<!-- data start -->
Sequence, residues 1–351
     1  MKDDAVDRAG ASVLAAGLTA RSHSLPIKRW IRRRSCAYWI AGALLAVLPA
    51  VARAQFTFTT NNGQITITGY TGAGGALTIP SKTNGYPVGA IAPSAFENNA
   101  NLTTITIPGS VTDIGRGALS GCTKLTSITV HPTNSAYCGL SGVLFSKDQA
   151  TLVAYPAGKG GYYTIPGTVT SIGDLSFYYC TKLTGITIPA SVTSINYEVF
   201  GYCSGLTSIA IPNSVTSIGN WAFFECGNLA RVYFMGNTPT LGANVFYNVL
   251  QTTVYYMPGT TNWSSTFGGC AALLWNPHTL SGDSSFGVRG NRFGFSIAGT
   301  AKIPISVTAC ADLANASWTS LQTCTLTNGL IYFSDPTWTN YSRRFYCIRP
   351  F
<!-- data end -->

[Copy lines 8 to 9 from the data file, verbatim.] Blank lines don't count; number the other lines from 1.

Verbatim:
   301  AKIPISVTAC ADLANASWTS LQTCTLTNGL IYFSDPTWTN YSRRFYCIRP
   351  F